JT LeDon, “Burning Jungle Road”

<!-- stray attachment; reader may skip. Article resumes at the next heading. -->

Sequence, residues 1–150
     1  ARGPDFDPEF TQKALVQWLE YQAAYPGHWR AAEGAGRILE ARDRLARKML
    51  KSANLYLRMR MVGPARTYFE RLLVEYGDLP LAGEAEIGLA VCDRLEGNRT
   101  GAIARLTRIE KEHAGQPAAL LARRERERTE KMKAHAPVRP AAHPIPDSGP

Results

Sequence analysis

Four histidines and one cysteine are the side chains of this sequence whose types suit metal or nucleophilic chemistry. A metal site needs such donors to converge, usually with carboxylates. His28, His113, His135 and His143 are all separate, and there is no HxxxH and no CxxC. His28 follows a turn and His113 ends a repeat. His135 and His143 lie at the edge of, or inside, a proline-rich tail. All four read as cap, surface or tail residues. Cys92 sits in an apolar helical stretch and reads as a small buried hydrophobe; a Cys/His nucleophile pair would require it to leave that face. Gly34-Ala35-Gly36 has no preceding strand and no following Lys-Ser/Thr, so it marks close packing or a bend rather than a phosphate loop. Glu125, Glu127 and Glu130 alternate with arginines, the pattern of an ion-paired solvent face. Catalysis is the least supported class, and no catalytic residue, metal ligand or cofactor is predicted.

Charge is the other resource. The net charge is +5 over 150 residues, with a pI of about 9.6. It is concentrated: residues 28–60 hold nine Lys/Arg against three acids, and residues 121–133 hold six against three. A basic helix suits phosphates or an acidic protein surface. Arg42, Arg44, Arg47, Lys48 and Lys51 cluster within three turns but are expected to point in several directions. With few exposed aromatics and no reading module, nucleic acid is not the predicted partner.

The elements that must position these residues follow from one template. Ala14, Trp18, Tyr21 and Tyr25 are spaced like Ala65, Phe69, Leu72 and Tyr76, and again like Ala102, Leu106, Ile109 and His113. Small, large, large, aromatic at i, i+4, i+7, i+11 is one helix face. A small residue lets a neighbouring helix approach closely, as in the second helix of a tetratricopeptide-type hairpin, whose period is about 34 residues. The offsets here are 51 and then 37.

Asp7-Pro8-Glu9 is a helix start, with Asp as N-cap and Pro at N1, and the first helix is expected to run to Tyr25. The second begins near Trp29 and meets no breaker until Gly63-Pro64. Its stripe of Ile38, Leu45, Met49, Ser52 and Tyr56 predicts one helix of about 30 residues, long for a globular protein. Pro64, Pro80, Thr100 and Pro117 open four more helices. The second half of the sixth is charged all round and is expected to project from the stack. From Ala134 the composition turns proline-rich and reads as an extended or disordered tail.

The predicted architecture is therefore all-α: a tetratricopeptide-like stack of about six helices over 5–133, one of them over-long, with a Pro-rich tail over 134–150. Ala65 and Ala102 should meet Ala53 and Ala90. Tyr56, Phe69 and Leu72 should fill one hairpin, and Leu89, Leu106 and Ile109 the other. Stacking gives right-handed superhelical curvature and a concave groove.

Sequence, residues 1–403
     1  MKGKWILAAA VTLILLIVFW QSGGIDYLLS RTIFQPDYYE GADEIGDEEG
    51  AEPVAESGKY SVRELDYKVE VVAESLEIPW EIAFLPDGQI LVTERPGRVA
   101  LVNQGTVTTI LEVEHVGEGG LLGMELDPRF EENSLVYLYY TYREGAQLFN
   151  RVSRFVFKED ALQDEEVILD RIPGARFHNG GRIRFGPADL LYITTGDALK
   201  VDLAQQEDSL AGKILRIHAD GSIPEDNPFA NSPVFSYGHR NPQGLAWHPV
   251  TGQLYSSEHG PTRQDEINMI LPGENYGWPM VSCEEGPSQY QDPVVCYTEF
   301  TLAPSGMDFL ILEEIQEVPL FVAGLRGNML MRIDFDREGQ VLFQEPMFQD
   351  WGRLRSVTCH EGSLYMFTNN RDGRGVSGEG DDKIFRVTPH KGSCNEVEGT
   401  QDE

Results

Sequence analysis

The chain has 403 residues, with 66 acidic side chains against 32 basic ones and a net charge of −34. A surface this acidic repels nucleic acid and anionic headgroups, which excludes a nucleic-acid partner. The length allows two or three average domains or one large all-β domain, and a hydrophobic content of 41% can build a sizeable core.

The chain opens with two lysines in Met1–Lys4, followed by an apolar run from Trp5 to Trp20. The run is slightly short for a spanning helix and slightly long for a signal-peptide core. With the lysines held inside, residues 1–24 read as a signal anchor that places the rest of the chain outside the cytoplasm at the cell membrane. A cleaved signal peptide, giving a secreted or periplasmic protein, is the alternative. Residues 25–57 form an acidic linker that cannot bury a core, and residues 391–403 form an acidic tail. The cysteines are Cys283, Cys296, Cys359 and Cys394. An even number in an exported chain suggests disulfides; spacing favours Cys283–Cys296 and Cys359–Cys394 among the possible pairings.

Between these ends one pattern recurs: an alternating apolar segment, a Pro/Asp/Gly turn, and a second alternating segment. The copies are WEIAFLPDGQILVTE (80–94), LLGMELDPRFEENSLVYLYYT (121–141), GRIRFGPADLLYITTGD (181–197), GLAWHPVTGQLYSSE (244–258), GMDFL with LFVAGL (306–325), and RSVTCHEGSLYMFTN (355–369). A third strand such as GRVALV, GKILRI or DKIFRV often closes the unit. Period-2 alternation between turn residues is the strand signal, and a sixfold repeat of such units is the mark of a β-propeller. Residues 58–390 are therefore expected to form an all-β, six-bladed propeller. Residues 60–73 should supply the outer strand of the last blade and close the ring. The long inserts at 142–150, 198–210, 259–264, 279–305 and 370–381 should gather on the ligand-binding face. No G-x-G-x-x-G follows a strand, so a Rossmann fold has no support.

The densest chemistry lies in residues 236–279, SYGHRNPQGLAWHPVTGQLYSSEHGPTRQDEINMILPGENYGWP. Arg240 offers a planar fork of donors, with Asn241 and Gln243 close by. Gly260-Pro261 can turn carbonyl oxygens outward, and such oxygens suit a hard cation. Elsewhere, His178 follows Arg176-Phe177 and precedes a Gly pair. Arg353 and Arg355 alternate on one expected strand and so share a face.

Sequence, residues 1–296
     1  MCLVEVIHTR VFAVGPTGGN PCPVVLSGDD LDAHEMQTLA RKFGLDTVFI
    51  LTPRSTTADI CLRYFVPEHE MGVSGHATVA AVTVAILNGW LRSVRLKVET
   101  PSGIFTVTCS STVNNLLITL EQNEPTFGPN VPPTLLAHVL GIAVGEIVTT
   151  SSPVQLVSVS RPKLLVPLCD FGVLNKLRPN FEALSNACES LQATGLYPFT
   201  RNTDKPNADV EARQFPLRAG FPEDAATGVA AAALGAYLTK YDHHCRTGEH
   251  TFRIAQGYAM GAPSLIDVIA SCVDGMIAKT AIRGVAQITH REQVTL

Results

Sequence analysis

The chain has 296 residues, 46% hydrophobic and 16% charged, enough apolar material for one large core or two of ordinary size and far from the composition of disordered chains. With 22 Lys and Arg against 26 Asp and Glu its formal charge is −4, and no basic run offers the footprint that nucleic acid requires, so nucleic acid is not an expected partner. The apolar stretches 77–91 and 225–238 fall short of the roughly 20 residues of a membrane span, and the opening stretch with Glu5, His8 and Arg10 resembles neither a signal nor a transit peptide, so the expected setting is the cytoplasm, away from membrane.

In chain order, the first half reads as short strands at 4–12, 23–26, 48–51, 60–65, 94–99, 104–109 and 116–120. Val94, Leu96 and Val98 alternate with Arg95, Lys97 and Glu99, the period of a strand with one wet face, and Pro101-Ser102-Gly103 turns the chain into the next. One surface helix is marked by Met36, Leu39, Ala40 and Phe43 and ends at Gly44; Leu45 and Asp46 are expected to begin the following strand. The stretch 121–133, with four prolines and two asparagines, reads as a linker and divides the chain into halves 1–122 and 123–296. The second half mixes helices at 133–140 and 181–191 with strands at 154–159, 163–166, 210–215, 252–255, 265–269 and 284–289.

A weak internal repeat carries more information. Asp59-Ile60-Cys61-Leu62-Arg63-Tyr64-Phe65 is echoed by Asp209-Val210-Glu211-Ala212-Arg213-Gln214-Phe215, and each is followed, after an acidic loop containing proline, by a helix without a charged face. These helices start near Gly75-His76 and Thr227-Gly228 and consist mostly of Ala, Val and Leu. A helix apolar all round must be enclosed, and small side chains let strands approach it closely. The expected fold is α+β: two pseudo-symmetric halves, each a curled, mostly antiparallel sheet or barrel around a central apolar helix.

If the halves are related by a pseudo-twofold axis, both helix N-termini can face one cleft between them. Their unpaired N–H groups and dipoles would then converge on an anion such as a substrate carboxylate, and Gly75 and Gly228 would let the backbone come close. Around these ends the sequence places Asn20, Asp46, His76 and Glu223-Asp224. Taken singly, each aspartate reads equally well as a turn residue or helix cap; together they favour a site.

“The man came along limping in the middle of the road,” the woman said. She was trembling and I helped to light the cigarette that she had held in her hand for a long many minutes after she arrived, gesturing back towards the dark jungle. The woman was from the next village over and she had dated a friend of mine, but that was a few years ago and I could see how she had aged, and I wondered if I had aged as much or if the rumors were true and this woman was a prostitute. Once I thought this I looked at the woman differently, I believe I felt both more protective of her but also less respectful. The front of the woman’s car was dented in in two places along the passenger side, the hood and the right front panel. The way the dents were made I could almost see how the body had made contact with the car, upon the hood first, and then caromed off to the side. The woman had to have been going far beyond the speed limit and I was scared of what I’d find up the road. In hindsight I should have called the police, but the fact that this woman, this prostitute, was here in my shop all alone clouded my mind. I told her, “Shut your car off,” and as she walked towards it, I corrected that, “No, on second thought, bring it inside.” The woman looked back at me and I could tell from the way she looked that she was two steps ahead of my dark thoughts and I was sad that I didn’t see even the slightest trace of a smile, of a wink, of the allusion to complicity, so that, having understood what I understood and being right there with me, we were instead like two children hidden in a dark closet with no one on the other side peeking and snickering, alone and un-minded; because we were not that at all, and the woman knew as much even if I didn’t, and every part of her slow look back as she drew long upon the end of that cigarette told me just how common we were, how grown-up, how dead-end, how expected. The woman asked me, “Where can we go?” “The bathroom,” I told her, “There’s a lock.” Her left palm dug into the grease-rimmed soap-dish as she bent over, lowering her head, and I caught my face in the mirror as I finished. I was done before that new JT LeDon song finished on the radio because I could still hear the horn section in the great silence that ensued. I put my clothes on and left her there. Women take a bit more time to freshen up. She lit another cigarette in the low green light of the doorway as I adjusted my underwear and out in the lot by the pumps the taxi driven by my brother’s friend Andre arrived. He would drive her home, and I would weigh out with the truck and snatch up and dispose of whatever was left after this long in the dark night of the jungle. I would mend her car, and I would drive it back to her village when it was done. For this I could have it whenever I wanted, she said, and I wanted it a lot. I saw the way Andre looked at her as she walked toward his car idling in the parking lot, nothing but black, nothing but jungle around, just the three of us in this halo of light that buzzes like a giant insect. She dragged the cigarette through the air in a slow arc as she and he exchanged looks that I could only see the one side of but which I knew the gist of all the same because I knew Andre, because I knew men, because I knew myself. When they drove away I pictured them together and it made me equal parts jealous and aroused. I resolved to take pictures of her car and of the remains and to put them in an envelope and put that in the small space underneath my wrenches in my tool chest in case she decided at one point down the road that she didn’t want to stick to our bargain. I started up the tow truck, and that same JT LeDon song began to play. I drove into the jungle, my headlights cutting into the dark, but I recognized in my gut that they only cut so far, and I could feel in my bones the dark just beyond their reach, its deep impenetrability, its inevitability, its right to consume us all.